Churches Ask for Changes To Clean Up Kenyan Politics

President's strongest opposition may be Protestant, Catholic leaders

A confrontation appears to be looming between churches and the government of Kenya, as church leaders head up a campaign for political reform and the curbing of presidential powers.

In separate documents published in August, Kenya's Roman Catholic bishops and the National Council of Churches of Kenya (NCCK), which represents 35 Protestant churches, called for a series of constitutional reforms before the next elections.

President Daniel arap Moi, who has ruled the country for the past 18 years, will be seeking reelection in a vote due to be held sometime before the end of next year.

The churches say the Constitution puts too much power in the hands of the president and the ruling Kenya African National Union party (KANU) and denies opposition parties a fair chance. Without certain minimum changes, they argue, the elections cannot be democratic and should therefore be postponed.

But the government has reacted strongly to criticism from the churches, which in this predominantly Christian East African country are a powerful institution influencing the lives of the majority of Kenyans.

Immediately after the release of the documents, KANU Secretary-General Joseph Kamotho accused church leaders of having a "revolutionary idea of overthrowing the Constitution." He suggested that the churches were acting together with the political opposition in an attempt to cause civil unrest and disorder.

Speaking at an agricultural show in his home Rift Valley area last month, President Moi himself issued a warning to civil servants to "keep away" from NCCK officials and not to give them any support.

But leading churchmen like Catholic Archbishop Raphael Ndingi Mwana a'Nzeki, who says he recently received death threats because of his persistent criticism of the government, have not been cowed.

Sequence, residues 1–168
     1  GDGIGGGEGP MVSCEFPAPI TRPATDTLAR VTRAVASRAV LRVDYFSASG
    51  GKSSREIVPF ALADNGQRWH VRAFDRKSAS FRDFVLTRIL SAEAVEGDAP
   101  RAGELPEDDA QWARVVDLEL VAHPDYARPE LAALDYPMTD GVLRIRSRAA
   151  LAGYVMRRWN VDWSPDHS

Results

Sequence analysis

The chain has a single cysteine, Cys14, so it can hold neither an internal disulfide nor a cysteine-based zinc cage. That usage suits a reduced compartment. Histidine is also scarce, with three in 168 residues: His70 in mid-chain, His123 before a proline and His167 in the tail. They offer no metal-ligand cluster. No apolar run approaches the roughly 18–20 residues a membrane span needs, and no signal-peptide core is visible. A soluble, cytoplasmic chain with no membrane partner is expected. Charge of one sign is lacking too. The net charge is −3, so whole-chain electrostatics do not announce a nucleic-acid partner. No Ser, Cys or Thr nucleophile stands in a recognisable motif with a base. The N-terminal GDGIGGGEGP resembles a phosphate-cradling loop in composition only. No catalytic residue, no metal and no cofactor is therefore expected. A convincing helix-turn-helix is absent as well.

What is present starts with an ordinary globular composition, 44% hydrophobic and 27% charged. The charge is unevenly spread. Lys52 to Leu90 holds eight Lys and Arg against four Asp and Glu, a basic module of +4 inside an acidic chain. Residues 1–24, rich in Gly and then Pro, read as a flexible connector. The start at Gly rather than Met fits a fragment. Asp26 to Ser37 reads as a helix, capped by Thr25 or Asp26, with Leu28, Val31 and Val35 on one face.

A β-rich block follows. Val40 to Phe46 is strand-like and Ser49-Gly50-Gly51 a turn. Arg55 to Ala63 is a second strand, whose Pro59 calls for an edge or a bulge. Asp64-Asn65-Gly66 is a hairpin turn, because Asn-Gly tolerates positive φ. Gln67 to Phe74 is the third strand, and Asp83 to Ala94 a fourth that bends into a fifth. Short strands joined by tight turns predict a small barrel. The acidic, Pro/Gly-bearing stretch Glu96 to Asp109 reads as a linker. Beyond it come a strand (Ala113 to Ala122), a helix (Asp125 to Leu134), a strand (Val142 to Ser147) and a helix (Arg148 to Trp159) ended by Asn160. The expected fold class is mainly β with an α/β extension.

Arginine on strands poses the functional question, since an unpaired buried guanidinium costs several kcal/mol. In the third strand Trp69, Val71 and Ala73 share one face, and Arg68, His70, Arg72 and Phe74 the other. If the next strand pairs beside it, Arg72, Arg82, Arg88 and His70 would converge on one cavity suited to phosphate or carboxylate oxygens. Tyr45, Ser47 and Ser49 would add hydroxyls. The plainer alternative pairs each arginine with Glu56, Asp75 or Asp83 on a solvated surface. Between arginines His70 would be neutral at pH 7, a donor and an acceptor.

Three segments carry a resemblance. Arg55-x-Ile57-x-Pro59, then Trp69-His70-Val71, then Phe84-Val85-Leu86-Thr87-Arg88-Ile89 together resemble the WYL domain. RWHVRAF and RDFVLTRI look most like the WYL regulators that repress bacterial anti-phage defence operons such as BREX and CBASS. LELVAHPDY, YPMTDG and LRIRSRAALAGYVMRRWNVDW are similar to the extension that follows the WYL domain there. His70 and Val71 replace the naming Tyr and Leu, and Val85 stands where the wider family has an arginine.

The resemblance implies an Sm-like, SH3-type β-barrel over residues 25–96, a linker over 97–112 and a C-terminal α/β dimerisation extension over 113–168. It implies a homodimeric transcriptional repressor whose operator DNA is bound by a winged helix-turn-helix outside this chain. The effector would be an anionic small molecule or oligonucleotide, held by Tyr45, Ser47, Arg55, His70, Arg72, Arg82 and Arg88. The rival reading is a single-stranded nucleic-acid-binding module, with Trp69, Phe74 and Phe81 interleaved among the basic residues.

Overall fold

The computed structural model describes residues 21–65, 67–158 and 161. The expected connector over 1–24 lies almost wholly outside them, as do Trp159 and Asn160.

"If I am acting like a revolutionary, why don't they take me to court?" he says. "All we are asking, for goodness sake, is to allow the people to look at this document. The Kenyan people are behind us, and it's a force to reckon with."

Kenya's Constitution, drafted at the time of independence from Britain in 1963, contains a number of laws instituted by the colonial government as emergency measures to control the Mau Mau rebellion in the 1950s. These include laws of detention without trial, sedition, and treason. They have been used liberally over the last few years by the Moi regime to suppress opposition and silence dissent.

Other laws specifically aim to restrict the freedoms of association, assembly, and expression. For example, under the Public Order Act all meetings require a license from a local government official appointed by the president. Opposition members of parliament are frequently denied permission to address their electorate in their own constituencies. There have been numerous cases of members being arrested and charged for holding illegal meetings.

President Moi also enjoys the prerogative of appointing judges and the head of the electoral commission, in addition to undefined powers that afford him almost complete control over the security forces.

The churches have reacted strongly against criticism that they should not be getting involved in politics.

"We know our niche and our unique contribution, and something we are good at is calling the country to moral accountability," says the Rev. Mutava Musyimi, general-secretary of the NCCK. "We have a Biblical mandate."

The church played an important role in pressuring for an end to one-party rule, which culminated in Kenya's first multiparty elections in 1992. But since his victory then, President Moi has consolidated his power at the same time opposition parties have fragmented, divided by tribal and personal differences.

Increasingly, the church has been taking the initiative in speaking out on issues such as constitutional reform while opposition parties have failed to voice a common opinion.

Leading clergymen from all denominations are working with lawyers and other representatives of civil society to organize a national convention to debate the issue of political change.

The potential for conflict with the authorities is clear. The churches, with vast independent financial resources and huge memberships, pose a threat to Moi that is no longer silent.

Unless minimum changes are made before the next elections, they say, the results of those elections, which Moi is widely pegged to win, may not be accepted as valid. Organized campaigns of civil disobedience, perhaps couched as "special prayer sessions," have been suggested as a possible response.

The government, however, has warned that it will not stand idly by and let this happen. Church leaders are prepared for the eventuality that the very laws they are campaigning to have removed may be used against them as the political climate intensifies.

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